After decades of civil unrest and the Ebola epidemic, Liberia's fragile health system is being strengthened through U.S.-Liberia partnerships focused on medical education and capacity building at the country's only medical school, A.M. Dogliotti (AMD) School of Medicine in the College of Health Sciences at the University of Liberia (ULCHS).
The Vanderbilt Institute of Global Health (VIGH) will join Yale University and the University of Liberia College of Health Sciences (ULCHS) to establish a public-private-academic hub for research utilization in the Liberian health sector and an academic network to strengthen Liberia’s education and health sectors as part of a five-year, $15 million federal project announced this week.
In partnership with Lwala Community Alliance (Lwala), VIGH faculty member Troy Moon, M.D., MPH, provided mentorship to Vanderbilt medical student Sarah Heerboth to conduct a study assessing the level of knowledge of obstetric and neonatal danger signs among Community Health Workers (CHW) in rural western Kenya. Lwala centers on a community led health model, transforming traditional birth attendants into CHWs.
Vanderbilt Institute for Global Health (VIGH) has received a new research training grant and a renewal for an existing training program from the Fogarty International Center (FIC) of the National Institutes of Health (NIH) to build HIV-focused research capacity with key partners in Nigeria and Mozambique. One of the $1.5 million grants will establish The Vanderbilt-Nigeria Building Research Capacity in HIV/Non-communicable Diseases (V-BRCH) Program to build capacity of Nigerian investigators to successfully initiate and implement high-quality clinical trials in HIV-associated non-communicable diseases.
The Vanderbilt Institute for Global Health (VIGH) has been awarded a five-year, $1.2 million federal grant from the Fogarty International Center of the National Institutes of Health to evaluate and build a research capacity program in implementation science and clinical trial management to address Ebola, Lassa fever and other viral hemorrhagic fevers (VHF) in Sierra Leone. The Partnership for Research in Emerging Viral Infections-Sierra Leone (PREVSL) will address gaps and improve existing research capacity at in-country partner institutions.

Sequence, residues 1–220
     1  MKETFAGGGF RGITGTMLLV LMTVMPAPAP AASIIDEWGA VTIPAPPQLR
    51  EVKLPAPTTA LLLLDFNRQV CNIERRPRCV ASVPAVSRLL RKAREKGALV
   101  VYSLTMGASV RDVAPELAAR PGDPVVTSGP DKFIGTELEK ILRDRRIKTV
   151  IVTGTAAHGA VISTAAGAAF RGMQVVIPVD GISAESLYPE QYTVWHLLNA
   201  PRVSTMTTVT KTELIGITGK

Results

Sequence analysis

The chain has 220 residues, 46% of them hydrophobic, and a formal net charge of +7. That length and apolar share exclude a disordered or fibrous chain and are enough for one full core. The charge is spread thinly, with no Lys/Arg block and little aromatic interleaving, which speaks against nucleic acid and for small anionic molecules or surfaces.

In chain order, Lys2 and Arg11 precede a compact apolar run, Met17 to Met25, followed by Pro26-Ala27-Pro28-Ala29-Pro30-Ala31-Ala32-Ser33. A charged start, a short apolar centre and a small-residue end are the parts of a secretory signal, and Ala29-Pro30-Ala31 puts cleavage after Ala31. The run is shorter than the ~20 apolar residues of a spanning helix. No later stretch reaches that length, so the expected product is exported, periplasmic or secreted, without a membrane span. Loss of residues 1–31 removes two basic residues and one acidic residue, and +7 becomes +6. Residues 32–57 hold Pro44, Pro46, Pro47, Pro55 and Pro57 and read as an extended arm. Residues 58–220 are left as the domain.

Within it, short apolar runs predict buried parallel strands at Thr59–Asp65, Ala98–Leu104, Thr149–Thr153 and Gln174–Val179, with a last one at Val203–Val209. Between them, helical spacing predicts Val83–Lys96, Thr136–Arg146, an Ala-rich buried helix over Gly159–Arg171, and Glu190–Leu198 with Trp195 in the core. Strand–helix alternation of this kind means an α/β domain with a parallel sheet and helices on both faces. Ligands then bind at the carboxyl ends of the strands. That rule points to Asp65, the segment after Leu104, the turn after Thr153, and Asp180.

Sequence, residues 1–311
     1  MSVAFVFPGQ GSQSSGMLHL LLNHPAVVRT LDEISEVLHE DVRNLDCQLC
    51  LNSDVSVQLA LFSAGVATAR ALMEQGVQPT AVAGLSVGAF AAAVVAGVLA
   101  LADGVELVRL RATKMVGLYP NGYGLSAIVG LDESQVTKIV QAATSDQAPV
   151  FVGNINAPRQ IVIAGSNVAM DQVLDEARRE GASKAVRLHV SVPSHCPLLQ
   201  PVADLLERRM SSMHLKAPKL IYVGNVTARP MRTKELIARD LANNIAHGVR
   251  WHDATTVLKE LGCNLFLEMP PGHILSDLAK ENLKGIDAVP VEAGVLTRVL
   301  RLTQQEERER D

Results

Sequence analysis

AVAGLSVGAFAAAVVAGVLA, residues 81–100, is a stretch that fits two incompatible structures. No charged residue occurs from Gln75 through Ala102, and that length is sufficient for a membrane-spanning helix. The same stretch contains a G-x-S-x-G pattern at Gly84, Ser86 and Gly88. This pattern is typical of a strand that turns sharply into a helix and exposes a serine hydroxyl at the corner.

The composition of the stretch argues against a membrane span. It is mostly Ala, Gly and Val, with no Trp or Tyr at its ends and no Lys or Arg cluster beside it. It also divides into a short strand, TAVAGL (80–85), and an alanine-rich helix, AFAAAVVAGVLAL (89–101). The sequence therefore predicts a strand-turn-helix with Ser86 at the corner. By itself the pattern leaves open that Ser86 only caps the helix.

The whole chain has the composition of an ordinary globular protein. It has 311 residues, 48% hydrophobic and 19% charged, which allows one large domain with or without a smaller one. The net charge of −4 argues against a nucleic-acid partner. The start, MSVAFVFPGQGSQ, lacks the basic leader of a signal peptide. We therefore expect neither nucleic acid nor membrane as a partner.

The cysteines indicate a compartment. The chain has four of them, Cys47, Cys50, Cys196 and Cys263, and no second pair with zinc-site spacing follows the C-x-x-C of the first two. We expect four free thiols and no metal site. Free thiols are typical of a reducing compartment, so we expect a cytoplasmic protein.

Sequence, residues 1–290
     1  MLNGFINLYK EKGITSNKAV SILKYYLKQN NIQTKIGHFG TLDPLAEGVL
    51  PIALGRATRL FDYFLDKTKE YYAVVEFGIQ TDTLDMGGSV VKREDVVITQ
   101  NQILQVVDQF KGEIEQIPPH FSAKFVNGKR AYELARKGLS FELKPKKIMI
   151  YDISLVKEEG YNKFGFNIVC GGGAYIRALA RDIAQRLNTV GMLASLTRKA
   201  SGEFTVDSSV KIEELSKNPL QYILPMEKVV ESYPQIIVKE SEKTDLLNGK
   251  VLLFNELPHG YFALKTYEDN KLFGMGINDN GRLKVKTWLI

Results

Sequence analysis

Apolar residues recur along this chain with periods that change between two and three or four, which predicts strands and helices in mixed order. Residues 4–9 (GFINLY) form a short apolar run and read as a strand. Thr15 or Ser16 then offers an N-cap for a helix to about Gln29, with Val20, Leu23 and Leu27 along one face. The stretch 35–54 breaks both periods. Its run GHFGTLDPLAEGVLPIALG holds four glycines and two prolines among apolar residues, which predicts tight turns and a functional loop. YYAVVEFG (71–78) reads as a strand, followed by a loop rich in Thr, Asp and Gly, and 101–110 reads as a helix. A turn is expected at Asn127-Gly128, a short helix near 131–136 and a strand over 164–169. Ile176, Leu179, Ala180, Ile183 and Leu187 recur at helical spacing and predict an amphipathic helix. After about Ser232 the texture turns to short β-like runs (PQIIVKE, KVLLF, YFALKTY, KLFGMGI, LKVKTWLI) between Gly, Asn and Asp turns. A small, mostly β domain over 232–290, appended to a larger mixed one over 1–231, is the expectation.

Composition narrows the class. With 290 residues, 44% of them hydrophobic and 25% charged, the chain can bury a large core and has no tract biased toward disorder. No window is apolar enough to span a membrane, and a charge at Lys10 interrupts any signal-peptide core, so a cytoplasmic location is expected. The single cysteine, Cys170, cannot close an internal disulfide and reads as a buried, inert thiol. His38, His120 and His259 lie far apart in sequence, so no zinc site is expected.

Vanderbilt Institute for Global Health (VIGH) has been awarded a five-year, $1.2 million renewal of its Mozambique Collaborative Research Ethics Education Program supported by the Fogarty International Center of the NIH. In Portuguese, the Formação Colaborativa em Etica na Pesquisa or FoCEP Program is tailored to Portuguese speaking Africa.
Vanderbilt welcomed Dr. Bernice Dahn, Vice President for Health Sciences at the University of Liberia and former Minister of Health for Liberia, to campus on April 17. Dr. Dahn delivered a guest lecture entitled, "Building Health Systems: Lessons From Crisis." Drawing on her experience leading a country through and after an Ebola epidemic, she shared powerful lessons on the re-establishment of the Ministry of Health and the rebuilding of Liberia’s health care delivery system.
Last month, the Vanderbilt Institute for Global Health (VIGH) hosted a global health education and training symposium for faculty representatives from faculties of medicine of Portuguese-speaking African (PALOP) countries. Faculty from universities located in three of the six PALOP countries attended as well as an affiliated faculty member from University of Texas Southwestern Medical Center.
To help the countries most affected by the recent Ebola epidemic, Fogarty has launched a new program to strengthen research training in Guinea, Liberia and Sierra Leone. In the first round of funding, four U.S. institutions received grants to partner with academic centers in two of the West African countries. The support will enable them to design training programs to increase expertise in Ebola, Lassa fever and other emerging viral diseases.
Every year since 2000, the VUMC Academic Enterprise has honored faculty members for Excellence in Teaching and Outstanding Contributions to Research. Recipients were nominated by their faculty colleagues and chosen by the 2016 VUMC Academic Enterprise Faculty Awards Selection Committees.This year both Douglas C. Heimburger, M.D., M.S. and D. Troy Moon, M.D., M.P.H.received the Jacek Hawiger Award for Teaching Graduate Students and Postdoctoral Fellows in the Classroom, Lecture or Small Group Setting.
Vanderbilt University has recently received a grant from the Centers for Disease Control and Prevention (CDC) for more than $7 million to extend HIV/AIDS training, treatment and care in the rural province of Zambézia in Mozambique. The grant, entitled "Avante Zambézia," Portuguese for "Move Forward Zambézia," will continue HIV/AIDS efforts from 2007 initiated with funding from a prior CDC grant. The President's Emergency Plan for AID Relief (PEPFAR) funded both grants.